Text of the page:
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January 24, 2023


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Liz Hoffman
Liz Hoffman

Hi and welcome back to Semafor Business, a twice-weekly look at the world of big money from Bradley Saacks and me.

Welcome to the value table, Silicon Valley. Activists are taking aim at California gods, newly made mortal after a half-decade in the untouchable land of growth. Plus, we take a look at the incoming White House chief of staff’s business record (spoiler: It makes Sen. Elizabeth Warren mad) and just how dead the IPO market is.

And check it: Microsoft confirmed a “multiyear, multibillion dollar investment” into OpenAI, the developer of ChatGPT. We broke the news earlier this month that Microsoft was putting $10 billion into the next-level AI bot, and explained how it will shape the battle for the future of the internet.

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➚ BUY: Wayfair. Shares of the furniture e-commerce platform have surged more than 25% since last week thanks to a double upgrade from JPMorgan, which told clients the “tides have turned positive” after the company cut 10% of staff on Friday.

➘ SELL: Mayfair. U.K. Prime Minister Rishi Sunak was fined for not wearing a seatbelt, Boris Johnson is under pressure for an £800,000 loan organized by the man he subsequently put in charge of the BBC, and the British Chamber of Commerce found that more than half of exporters are still struggling to adapt to Brexit three years on.

Rishi Sunak
Reuters/Pool/Andrew Milligan

Semafor Stat

New public companies to hit the U.S. markets so far this year, versus 31 at this point last year and 83 in 2021. Freightos, which is basically Uber but for shipping things across the ocean, is set to join them later this week via a SPAC merger (yes, a few of those are still happening).

Liz Hoffman

Silicon Valley has lost its Wall Street magic


Silicon Valley spent the past half-decade out of reach of activist investors. No longer.

Elliott Management has a multibillion-dollar stake in $156 billion Salesforce, joining fellow activist hedge fund Starboard, which has been there since the fall. Chris Hohn’s TCI has been rattling the cage at Google parent Alphabet, pushing for 37,000 job cuts on top of the 12,000 the company has already announced. Altimeter Capital wants Meta to stop pouring money into its virtual-reality headsets.

And Nelson Peltz, whose firm, Trian, owns about $1 billion of Disney stock, wants a seat on its board. (Though not a Silicon Valley company, Disney has traded like one since its big bet on streaming charmed Wall Street, then fizzled.)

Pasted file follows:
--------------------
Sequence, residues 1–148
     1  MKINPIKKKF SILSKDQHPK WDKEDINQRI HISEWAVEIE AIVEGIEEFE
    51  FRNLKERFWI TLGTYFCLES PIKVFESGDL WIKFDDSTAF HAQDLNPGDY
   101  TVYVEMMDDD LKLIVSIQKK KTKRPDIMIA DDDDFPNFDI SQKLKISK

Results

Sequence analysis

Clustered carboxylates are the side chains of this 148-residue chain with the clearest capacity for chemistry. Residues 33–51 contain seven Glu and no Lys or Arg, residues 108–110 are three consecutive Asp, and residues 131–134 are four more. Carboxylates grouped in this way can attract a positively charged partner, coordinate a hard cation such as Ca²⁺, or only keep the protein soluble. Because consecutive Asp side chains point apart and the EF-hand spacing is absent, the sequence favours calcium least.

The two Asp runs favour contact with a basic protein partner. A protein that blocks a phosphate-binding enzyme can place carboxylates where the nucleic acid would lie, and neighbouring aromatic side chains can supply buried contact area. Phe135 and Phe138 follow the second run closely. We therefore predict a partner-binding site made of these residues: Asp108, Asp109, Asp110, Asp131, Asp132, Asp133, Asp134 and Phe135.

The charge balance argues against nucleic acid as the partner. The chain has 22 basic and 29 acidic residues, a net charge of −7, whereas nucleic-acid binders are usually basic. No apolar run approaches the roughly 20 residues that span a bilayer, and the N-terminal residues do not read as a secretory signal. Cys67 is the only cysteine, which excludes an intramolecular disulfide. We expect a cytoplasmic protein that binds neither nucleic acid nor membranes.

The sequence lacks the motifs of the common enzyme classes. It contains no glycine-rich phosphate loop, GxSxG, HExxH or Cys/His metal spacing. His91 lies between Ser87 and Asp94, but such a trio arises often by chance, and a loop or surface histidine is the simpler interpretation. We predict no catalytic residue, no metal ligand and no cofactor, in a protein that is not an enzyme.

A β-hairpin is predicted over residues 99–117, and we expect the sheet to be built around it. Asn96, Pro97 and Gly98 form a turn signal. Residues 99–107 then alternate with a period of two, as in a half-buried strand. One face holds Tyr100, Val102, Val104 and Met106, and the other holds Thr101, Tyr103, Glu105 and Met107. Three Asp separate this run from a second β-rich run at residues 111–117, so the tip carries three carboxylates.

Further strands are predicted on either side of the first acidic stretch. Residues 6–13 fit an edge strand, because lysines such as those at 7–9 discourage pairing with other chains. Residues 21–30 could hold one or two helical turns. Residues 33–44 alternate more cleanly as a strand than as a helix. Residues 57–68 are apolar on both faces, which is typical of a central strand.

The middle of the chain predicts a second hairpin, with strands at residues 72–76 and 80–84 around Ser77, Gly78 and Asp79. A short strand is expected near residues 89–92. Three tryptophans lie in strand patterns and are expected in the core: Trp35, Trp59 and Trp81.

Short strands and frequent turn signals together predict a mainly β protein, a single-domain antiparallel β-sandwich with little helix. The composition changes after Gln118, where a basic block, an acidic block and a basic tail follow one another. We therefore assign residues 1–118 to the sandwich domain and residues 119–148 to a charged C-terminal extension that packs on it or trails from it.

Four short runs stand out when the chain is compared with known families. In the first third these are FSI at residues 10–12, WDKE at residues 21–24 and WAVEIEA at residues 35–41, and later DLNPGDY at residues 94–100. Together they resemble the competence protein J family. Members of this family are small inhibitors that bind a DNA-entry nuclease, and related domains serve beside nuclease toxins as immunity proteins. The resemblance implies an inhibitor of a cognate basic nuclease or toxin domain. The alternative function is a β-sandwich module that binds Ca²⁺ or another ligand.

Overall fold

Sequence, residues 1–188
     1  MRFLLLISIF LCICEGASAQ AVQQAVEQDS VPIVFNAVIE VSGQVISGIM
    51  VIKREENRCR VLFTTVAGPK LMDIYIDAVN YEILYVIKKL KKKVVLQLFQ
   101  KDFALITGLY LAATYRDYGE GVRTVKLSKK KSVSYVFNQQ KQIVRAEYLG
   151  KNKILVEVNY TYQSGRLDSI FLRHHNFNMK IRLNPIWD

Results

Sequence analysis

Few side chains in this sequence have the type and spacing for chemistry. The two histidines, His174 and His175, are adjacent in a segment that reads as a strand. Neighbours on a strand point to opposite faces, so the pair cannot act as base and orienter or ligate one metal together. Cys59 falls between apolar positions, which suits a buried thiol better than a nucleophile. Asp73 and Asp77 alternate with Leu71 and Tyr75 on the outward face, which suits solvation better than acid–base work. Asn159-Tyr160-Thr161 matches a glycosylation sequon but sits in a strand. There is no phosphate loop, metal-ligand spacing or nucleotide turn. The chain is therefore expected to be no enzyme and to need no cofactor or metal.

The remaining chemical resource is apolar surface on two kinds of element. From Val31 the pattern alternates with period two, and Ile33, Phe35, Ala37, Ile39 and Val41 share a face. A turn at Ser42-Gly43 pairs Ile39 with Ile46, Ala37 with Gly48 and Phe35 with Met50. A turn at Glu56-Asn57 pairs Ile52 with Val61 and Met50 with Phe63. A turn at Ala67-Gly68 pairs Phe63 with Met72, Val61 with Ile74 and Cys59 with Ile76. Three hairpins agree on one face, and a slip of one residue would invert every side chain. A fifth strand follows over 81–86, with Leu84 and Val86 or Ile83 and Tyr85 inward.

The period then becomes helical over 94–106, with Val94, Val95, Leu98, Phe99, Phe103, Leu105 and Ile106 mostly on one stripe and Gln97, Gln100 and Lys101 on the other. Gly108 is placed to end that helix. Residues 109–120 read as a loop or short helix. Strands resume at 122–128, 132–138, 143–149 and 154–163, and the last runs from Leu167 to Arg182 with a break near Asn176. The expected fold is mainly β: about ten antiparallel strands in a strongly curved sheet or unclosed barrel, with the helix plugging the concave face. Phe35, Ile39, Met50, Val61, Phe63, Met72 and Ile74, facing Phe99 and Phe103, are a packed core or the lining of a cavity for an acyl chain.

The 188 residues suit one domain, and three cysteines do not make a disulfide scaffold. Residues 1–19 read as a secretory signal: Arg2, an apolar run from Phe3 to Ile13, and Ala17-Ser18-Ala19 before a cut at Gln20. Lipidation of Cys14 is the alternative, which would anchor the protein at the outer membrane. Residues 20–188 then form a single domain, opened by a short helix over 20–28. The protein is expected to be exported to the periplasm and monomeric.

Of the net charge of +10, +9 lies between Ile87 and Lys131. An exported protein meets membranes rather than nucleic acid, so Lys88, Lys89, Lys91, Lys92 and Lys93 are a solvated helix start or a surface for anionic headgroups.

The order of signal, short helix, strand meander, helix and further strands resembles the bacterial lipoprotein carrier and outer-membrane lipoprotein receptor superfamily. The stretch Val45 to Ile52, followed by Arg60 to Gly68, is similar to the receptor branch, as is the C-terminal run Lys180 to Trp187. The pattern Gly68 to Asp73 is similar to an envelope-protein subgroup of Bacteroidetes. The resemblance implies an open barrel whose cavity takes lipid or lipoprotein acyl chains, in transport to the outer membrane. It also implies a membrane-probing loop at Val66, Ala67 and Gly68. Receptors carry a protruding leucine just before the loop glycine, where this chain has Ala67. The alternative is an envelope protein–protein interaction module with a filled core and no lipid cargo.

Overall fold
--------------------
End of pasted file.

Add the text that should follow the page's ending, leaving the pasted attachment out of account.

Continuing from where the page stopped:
The particulars of each campaign vary, but they’ve put four titans of California’s corporate class — Marc Benioff, Sundar Pichai, Mark Zuckerberg, and Bob Iger — under pressure. The unifying message is that these companies should trim workers and the lavish perks they enjoyed for a decade, and get back to doing whatever it is they do well. “Time to get fit,” begins Altimeter’s open letter to Zuckerberg.

Mike Blake/Reuters


Tech giants are no longer untouchable. It’s not just that their stocks are cheap enough to tempt activists, but rather that they’ve lost the armor that once protected them: investors’ unbridled FOMO.

Activists are mostly what Wall Street calls “value” investors. They sift through thousands of listed stocks to find the ones that should trade higher, then push them to do things — spin off underperforming divisions, replace their CEOs, sell their real estate — that might close the gap.

But for the past half-decade or so, tech stocks have been the opposite of a value play. They’ve traded well above the sum of their parts, or any historically rational multiple of their earnings, and flourished despite obvious flaws in their governance and strategies.

No matter that Salesforce lost two co-CEOs in three years, or that Zuckerberg alienated needed allies in Washington. The louder old-school investors shouted that a bubble was forming, and that short-sighted investors were cheering on unsustainable growth, the higher their stocks went.

Low interest rates pushed investors into riskier bets. The higher tech shares went, the more emboldened their leaders became to keep spending — on streaming, on the metaverse, on hacking the human lifespan. “Like many other companies in a zero rate world,” Altimeter wrote, “Meta has drifted into the land of excess — too many people, too many ideas, too little urgency.”

Companies might howl (Disney has thrown up a particularly robust stiff-arm) but I suspect some CEOs might privately welcome the outside pressure. It makes it easier for them to take on workforces that, already pampered by free massages and a steady stream of headhunter calls, were only further emboldened by the pandemic.

Tech companies had a hard time getting their workers back to the office, and the tug-of-war showed just how much power sat with employees who are now facing management — and shareholders — who think they’re overpaid at best and superfluous at worst.